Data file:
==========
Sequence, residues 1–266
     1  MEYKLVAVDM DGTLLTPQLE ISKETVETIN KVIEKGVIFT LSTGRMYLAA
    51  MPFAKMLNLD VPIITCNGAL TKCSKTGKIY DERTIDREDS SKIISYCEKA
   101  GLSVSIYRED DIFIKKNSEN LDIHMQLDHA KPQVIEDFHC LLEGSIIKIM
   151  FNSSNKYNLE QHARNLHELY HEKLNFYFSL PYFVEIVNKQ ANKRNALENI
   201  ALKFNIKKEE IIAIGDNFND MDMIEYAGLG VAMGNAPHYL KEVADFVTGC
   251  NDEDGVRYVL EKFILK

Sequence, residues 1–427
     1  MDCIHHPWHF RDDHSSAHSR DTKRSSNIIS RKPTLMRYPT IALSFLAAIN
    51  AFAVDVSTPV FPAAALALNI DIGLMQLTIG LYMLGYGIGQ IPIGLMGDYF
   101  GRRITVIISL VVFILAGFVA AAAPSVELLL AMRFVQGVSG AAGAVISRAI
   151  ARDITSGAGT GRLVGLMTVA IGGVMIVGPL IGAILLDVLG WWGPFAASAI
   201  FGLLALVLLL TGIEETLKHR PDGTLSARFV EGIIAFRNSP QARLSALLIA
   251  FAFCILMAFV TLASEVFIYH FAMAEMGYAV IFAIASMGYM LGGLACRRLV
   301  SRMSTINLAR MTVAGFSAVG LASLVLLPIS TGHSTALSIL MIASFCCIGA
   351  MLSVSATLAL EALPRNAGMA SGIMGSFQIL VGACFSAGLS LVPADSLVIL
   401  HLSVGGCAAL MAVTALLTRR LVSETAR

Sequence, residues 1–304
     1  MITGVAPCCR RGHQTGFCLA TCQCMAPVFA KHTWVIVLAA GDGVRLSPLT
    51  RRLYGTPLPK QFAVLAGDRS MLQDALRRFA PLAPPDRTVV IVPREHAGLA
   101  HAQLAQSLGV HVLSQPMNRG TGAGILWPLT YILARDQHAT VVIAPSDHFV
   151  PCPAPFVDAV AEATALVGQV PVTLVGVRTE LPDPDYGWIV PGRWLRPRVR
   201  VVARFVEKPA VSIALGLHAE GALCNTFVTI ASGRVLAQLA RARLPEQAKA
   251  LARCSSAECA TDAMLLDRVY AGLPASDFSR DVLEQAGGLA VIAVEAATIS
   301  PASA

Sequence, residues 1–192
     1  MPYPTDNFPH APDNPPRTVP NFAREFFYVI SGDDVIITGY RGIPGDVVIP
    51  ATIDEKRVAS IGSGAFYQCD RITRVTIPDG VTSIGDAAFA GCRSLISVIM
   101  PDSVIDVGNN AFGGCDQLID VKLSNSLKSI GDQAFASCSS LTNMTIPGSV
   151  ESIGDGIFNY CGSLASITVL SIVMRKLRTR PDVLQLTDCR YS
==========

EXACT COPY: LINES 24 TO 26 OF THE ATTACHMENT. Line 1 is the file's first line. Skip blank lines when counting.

   251  LARCSSAECA TDAMLLDRVY AGLPASDFSR DVLEQAGGLA VIAVEAATIS
   301  PASA

Sequence, residues 1–192